“ There can be no doubt that the Reverend gentlemen deposed to views that they sincerely and conscientiously hold, and that are representative of the majority of the Christian community and perhaps of the population of Belize. However, from the perspective of legal principle, the Court cannot act upon prevailing majority views or what is popularly accepted as moral. The evidence may be supportive but this does not satisfy the justification of public morality. There must be demonstrated that some harm will be caused should the proscribed conduct be rendered unregulated. No evidence has been presented as to the real likelihood of such harm.”
So the learned jurist concedes that the views expressed by the clergymen “are representative of the majority of the Christian community and perhaps of the population of Belize” but says this “does not satisfy the justification of public morality”. I ask in amazed ignorance why not.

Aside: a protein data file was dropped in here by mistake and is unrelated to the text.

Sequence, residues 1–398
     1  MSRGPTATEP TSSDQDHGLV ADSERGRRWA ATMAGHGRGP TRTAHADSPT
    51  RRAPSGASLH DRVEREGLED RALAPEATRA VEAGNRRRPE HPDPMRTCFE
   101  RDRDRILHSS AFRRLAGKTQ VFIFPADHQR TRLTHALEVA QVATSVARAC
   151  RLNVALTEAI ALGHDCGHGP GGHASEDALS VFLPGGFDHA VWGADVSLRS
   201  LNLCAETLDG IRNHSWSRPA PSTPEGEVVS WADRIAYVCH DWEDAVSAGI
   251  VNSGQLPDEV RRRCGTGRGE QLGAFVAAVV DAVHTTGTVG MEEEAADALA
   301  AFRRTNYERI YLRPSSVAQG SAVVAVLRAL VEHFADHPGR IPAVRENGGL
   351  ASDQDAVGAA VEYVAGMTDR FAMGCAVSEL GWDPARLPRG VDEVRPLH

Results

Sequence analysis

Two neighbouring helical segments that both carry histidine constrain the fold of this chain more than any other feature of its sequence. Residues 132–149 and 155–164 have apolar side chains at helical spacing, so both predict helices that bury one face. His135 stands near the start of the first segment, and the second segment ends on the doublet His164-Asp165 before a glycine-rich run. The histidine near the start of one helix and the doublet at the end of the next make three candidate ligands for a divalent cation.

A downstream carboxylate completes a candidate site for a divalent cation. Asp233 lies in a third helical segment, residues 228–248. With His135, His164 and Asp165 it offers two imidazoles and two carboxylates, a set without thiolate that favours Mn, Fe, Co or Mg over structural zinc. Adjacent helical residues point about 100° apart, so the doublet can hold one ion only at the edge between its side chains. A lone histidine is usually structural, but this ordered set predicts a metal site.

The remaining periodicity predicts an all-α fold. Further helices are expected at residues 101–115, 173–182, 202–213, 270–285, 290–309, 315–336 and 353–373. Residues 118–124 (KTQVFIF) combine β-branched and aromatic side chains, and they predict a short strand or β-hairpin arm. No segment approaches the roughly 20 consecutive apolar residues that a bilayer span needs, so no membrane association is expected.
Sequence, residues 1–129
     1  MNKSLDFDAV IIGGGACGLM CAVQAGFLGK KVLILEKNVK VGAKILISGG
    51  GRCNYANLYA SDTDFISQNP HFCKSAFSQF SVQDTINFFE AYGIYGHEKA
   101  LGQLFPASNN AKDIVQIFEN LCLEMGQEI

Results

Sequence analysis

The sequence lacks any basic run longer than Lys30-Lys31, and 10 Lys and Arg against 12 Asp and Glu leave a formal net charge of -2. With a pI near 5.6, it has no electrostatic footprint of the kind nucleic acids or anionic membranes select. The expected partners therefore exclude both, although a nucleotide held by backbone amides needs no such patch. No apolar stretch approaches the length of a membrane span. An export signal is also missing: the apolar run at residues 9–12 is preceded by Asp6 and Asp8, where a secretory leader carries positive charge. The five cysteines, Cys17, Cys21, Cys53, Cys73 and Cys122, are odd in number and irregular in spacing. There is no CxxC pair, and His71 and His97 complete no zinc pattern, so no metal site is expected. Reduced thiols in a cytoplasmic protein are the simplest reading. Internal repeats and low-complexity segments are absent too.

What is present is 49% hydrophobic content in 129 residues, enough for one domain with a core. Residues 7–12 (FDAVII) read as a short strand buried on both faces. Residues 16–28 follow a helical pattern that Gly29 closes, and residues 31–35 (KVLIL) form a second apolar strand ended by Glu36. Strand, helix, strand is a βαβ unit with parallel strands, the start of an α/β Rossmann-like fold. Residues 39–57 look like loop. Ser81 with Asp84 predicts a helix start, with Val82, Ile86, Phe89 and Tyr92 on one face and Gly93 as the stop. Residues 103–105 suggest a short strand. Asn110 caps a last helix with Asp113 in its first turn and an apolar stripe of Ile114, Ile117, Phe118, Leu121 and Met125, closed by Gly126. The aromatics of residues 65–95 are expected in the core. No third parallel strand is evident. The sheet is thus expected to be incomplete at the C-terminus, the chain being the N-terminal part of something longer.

On what basis should a court determine public morality beyond assessing public sentiment about particular moral issues?
According to the eminent CJ one would have to establish by evidence that “some harm will be caused should the proscribed conduct be rendered unregulated.” But “[N]o evidence has been presented as to the real likelihood of such harm.”
Notice a few odd things here. The possible views of the population of Belize does not, without more, qualify as ‘public morality’! Then the Chief Justice (CJ), in my unlearned view, indulges a muddled logical stretch about the need for harm. By what legal, linguistic or philosophical canon? Public morality does not necessarily require a concept of [certain or likely] harm to qualify as public morality.